So even if you are convicted of a felony, with Youthful Offender status the judge can reduce it to a misdemeanor or even a non-criminal violation. This keeps your sealed records from showing a felony conviction.
Does A Youthful Offender Adjudication Count As A Conviction?
No. A Youthful Offender adjudication does NOT count as a criminal conviction under New York state law. That is why the records are kept confidential and do not need to be disclosed.
However, while not considered a conviction under New York law, it may still count as a conviction for certain limited federal purposes. For example, a Youthful Offender adjudication still counts as a conviction if applying for a federal job or if facing federal immigration consequences.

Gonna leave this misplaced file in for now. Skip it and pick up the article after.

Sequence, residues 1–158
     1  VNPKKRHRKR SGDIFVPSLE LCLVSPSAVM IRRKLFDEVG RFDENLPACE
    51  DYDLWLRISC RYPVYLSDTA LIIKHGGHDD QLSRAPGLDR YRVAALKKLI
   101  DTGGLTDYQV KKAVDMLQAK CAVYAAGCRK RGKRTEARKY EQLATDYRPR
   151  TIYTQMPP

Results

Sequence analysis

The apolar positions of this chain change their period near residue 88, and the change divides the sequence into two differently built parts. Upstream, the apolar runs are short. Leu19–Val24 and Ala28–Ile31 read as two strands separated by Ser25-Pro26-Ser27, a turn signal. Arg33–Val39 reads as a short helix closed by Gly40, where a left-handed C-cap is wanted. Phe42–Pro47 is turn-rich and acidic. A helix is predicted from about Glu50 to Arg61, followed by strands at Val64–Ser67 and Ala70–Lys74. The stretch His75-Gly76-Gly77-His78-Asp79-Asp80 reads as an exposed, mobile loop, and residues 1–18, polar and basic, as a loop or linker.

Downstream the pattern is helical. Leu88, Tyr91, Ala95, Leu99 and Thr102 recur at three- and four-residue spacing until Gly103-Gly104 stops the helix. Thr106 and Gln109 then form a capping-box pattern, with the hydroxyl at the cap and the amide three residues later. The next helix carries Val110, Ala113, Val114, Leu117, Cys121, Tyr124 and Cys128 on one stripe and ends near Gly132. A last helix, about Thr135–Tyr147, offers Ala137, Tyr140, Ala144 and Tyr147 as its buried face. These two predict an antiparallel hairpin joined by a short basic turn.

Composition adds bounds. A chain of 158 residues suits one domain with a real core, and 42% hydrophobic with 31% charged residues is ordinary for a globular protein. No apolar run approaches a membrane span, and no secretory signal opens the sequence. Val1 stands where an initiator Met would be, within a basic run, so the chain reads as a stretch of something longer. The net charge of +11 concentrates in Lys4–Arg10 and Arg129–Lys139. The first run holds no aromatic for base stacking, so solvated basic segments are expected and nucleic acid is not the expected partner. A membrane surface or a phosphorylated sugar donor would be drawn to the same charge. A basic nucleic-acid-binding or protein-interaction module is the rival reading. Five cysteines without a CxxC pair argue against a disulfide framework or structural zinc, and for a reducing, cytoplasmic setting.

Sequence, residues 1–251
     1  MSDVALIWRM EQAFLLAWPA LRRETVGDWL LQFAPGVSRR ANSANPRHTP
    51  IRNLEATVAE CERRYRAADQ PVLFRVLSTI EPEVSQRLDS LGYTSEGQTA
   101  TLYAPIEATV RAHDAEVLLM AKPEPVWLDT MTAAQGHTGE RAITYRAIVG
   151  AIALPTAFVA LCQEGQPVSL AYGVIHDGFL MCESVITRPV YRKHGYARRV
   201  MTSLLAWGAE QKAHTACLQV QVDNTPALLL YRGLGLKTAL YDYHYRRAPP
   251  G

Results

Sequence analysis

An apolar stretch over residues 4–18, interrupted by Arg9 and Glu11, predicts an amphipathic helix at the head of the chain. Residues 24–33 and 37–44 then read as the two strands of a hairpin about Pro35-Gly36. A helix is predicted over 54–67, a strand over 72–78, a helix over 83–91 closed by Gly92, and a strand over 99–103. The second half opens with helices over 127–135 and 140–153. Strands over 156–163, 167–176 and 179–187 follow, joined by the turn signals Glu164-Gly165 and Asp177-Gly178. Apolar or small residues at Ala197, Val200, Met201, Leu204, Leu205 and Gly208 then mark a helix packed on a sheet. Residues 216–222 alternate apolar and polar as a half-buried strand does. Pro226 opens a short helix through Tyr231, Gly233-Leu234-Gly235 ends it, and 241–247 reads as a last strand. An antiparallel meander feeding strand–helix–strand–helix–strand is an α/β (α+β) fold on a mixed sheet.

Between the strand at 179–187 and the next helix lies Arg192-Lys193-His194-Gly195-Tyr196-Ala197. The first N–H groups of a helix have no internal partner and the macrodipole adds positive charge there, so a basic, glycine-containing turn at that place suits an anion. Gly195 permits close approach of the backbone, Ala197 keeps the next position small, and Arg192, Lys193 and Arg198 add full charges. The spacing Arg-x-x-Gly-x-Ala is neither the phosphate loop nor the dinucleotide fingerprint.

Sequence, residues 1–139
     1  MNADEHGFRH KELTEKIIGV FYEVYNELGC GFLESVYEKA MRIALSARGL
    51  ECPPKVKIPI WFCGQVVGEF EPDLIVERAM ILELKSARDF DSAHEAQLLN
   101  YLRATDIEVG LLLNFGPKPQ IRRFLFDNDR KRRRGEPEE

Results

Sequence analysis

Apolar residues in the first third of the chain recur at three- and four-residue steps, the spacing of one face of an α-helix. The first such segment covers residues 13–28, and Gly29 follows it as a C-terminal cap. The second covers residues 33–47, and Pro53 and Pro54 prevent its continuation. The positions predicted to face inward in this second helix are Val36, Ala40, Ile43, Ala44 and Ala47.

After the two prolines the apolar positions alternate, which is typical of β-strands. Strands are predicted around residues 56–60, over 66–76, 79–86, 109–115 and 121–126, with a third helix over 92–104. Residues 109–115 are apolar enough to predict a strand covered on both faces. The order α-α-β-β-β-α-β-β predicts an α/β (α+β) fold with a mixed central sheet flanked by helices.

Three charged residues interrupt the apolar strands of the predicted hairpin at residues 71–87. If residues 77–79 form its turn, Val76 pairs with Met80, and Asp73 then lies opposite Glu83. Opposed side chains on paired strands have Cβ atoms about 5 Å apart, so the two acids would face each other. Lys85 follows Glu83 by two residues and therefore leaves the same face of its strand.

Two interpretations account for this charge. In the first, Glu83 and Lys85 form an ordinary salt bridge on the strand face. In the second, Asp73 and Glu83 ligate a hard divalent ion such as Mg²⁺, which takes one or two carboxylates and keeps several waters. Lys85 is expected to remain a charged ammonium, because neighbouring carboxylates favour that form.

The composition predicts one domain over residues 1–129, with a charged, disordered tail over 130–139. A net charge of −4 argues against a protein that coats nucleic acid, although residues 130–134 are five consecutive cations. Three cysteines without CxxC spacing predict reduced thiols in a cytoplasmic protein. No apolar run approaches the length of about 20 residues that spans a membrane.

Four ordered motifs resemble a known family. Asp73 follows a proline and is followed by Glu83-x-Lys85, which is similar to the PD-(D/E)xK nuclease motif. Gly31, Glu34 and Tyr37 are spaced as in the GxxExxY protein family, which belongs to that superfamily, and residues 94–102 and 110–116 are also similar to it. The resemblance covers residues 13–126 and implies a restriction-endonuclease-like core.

The lack of conviction under state law provides major benefits, but you should still consult an attorney to understand any potential federal impacts.
Can You Own A Gun With A Youthful Offender Adjudication?
Maybe. The issue of firearm rights with a Youthful Offender adjudication is tricky. The confidential Youthful Offender records are not supposed to be accessible to licensing officers reviewing a gun permit application.
However, if the licensing officer somehow learns about the Youthful Offender adjudication, they may still consider it a prohibiting conviction that would disqualify you from getting a gun permit.
The safest approach is to consult with a criminal defense attorney about your individual case if you hope to own a gun after receiving Youthful Offender treatment. Certain attorneys specialize in gun rights restoration and can provide guidance.
Should You Disclose Youthful Offender Status When Asked About Convictions?